He explains that at the entrance to the crank and S-curve I shouldn’t have moved to the right because there could have been bicyclists or something. I’d blatantly checked the right mirror before doing so for that very reason, but apparently it didn’t matter. I should have just taken the turn from where I was, even though that makes it much harder not to hit the curb. I accept his advice with humility, and wait for him to jot down that awful “fail” kanji (不) on my paper.

But he doesn’t hand me back my paper. He tells me to wait. Confused, I get out of the car and walk towards the other people there. “You passed?” the Filipino woman asks me. “I don’t know,” I say. He didn’t tell me I passed (at least I don’t think so—I’m not sure what ‘you passed’ is in Japanese) but he didn’t hand me back my paper and he’d told me to wait. The other test-takers tell me this probably means I passed, and they congratulate me. I realize that I probably had passed—otherwise he would have given me my paper so I could go make a new appointment—but I’m not quite ready to start celebrating. Not until I know for sure.

The Filipino woman is waiting behind for her friend—the woman going after me—to finish the test, and she asks me if I could give her any pointers on how to make it through the crank. I take her to the map and walk her through the procedure, and she’s surprised to learn that you’re allowed to back up three times. The proctor hadn’t explained that this time, much to her unfair disadvantage. But she was very grateful to me for telling her, and we got to chatting a bit as we waited for her friend to finish the test.

I get to know the other test-takers a bit better. All of them have been in Japan longer than me and have been driving with an international license. They only need a Japanese license because the rule has changed and you can only use an international license for a year. The only other American to go had been renewing her international license for years every time she goes back to Arizona, which you’re not supposed to do. It was also her fourth time on the test and she ended up failing because her left-turns weren’t tight enough, a frustration I told her I knew all too well.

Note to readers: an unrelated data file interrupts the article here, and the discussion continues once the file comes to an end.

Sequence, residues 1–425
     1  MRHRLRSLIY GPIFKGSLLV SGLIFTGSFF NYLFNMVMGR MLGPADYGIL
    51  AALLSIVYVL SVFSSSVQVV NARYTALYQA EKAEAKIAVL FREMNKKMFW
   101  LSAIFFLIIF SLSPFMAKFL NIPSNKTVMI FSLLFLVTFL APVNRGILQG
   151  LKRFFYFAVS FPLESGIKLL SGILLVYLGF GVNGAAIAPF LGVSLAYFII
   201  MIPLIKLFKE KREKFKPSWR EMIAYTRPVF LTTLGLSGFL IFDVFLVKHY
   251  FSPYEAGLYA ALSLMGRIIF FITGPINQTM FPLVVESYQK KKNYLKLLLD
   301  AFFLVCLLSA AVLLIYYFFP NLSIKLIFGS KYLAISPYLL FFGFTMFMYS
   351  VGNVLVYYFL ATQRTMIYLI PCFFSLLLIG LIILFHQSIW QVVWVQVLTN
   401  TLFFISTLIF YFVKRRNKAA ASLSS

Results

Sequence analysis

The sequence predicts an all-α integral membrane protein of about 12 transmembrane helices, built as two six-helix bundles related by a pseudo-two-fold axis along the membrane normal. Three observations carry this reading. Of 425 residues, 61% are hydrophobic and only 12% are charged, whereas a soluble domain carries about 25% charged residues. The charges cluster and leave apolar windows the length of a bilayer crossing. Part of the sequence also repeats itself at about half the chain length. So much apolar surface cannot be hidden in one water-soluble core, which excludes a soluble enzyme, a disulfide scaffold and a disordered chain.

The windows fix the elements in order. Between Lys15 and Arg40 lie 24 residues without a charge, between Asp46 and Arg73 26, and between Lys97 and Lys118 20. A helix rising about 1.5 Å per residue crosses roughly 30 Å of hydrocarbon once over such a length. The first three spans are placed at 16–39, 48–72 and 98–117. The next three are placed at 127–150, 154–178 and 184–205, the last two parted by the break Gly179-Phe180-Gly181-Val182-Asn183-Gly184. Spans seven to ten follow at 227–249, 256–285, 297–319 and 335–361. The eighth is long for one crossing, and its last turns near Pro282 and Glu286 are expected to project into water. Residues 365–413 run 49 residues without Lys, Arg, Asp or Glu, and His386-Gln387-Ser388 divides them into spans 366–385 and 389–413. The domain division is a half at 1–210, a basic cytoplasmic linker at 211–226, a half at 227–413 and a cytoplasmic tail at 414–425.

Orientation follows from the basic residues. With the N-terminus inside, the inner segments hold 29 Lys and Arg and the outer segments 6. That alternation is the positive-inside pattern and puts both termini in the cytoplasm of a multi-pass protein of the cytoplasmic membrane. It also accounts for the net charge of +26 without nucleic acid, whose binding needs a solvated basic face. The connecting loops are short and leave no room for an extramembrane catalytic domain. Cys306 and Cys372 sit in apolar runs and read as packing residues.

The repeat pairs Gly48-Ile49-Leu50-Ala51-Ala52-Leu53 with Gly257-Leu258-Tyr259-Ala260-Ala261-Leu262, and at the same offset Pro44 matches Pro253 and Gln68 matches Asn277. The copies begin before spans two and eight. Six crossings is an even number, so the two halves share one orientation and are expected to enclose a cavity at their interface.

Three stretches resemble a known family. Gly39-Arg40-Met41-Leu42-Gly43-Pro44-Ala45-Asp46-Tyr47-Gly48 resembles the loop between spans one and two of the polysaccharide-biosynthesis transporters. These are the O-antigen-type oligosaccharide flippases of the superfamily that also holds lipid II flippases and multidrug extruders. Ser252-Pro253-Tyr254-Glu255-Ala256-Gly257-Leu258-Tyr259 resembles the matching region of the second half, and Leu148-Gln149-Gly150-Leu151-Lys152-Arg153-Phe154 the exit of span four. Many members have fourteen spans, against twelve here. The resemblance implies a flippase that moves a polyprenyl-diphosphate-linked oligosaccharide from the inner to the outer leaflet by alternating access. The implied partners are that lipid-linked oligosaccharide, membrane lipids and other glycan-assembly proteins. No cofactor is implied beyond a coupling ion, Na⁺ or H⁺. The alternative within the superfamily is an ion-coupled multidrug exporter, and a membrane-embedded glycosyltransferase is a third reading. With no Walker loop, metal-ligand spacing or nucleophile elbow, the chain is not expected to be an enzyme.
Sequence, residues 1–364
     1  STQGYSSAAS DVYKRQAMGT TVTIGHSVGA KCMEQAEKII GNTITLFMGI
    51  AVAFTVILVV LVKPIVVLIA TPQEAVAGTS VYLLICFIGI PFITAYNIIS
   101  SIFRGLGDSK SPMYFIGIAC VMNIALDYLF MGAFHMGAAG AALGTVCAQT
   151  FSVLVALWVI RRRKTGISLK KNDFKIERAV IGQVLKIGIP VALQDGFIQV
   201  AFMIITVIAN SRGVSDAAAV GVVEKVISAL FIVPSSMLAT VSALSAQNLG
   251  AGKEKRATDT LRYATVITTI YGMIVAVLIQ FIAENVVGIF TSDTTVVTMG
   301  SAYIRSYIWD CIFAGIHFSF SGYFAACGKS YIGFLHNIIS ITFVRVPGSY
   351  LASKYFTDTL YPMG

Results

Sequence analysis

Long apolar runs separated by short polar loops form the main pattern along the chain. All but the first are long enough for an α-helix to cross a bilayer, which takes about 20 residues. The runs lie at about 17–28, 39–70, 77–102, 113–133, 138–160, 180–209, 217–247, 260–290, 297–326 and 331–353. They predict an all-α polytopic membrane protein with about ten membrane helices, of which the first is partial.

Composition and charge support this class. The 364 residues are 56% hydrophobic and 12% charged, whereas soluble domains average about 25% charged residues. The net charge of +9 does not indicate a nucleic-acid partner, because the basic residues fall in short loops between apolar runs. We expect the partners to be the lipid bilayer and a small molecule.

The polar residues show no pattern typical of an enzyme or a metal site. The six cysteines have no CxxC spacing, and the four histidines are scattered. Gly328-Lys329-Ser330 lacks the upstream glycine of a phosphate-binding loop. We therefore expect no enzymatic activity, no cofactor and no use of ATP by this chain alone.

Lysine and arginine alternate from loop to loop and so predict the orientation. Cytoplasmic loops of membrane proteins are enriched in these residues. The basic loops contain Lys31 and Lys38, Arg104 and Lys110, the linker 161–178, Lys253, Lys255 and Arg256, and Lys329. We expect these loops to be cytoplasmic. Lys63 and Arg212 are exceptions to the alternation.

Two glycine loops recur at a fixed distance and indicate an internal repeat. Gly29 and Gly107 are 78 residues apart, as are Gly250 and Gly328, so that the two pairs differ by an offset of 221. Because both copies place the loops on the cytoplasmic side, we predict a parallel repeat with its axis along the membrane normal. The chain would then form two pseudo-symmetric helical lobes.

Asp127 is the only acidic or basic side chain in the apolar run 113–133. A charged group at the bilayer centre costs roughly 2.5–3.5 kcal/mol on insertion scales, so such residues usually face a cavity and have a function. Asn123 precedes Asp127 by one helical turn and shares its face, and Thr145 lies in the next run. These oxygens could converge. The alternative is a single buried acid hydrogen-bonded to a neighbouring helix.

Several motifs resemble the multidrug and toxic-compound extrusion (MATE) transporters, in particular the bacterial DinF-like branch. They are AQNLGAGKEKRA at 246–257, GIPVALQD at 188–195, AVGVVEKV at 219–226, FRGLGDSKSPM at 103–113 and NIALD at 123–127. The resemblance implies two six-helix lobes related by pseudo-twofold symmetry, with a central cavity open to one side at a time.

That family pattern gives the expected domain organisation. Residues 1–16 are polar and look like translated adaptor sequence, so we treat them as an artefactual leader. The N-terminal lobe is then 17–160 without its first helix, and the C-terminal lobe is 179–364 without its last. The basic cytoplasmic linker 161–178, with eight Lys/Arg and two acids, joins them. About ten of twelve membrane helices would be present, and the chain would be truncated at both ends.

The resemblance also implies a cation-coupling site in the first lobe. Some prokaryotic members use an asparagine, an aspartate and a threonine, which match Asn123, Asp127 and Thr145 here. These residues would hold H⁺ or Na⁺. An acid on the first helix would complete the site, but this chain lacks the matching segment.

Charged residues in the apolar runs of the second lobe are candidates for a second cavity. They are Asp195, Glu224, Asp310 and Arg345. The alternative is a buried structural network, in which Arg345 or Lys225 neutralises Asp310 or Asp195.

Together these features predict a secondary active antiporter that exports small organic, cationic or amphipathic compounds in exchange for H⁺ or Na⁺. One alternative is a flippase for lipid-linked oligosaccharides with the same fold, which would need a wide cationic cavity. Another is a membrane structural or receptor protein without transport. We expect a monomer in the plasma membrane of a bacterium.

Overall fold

After all of them had left, I sit in the waiting room and eventually the proctor enters and calls my name. He tells me what I now need to do to get the driver’s license, and it is thusly confirmed. Success.

All that remained was the long slow process of getting the actual license. I first had to go to Window 2 to pay for the license, which costs 2050 yen, just slightly less than the 2200 yen cost of taking the driving test. Then it was back to Window 10 to give them the stamps indicating I’d paid. Waited there for awhile, then was taken to another room to go to another window and fill out another form. Waited there for a long time, then was given a receipt for the license and told where to go next. Got my photo taken, then waited outside in the hallway for a very long time hoping I was in the right place and they hadn’t forgotten about me. While I waited, the woman proctor from my last two tests hurried by. I would have liked for her to stop and take note of the fact that I’d passed, but she didn’t acknowledge me. A short while later, a man came out from the back room with my license and a paper with instructions for how to renew it after a year. He explained a bunch of things in Japanese which I pretended to understand (I can find out anything I need to know through Interac), then he gave me my long-awaited license. I took a quick iPhone photo of it for Facebook, then inserted it into my wallet.

On my way back home I called Interac to let Takahashi-san know that I’d passed and got the license. She sounded happy for me, congratulated me, and told me she’d send me an e-mail about getting me a car as soon as possible.

I happened to be riding the train back to Togane at the same time as most high school students journey home, so I had the nice bonus of seeing some of my Togane Chu students who graduated last year. I ran into a lot of them at Togane Station and proudly showed off my new license.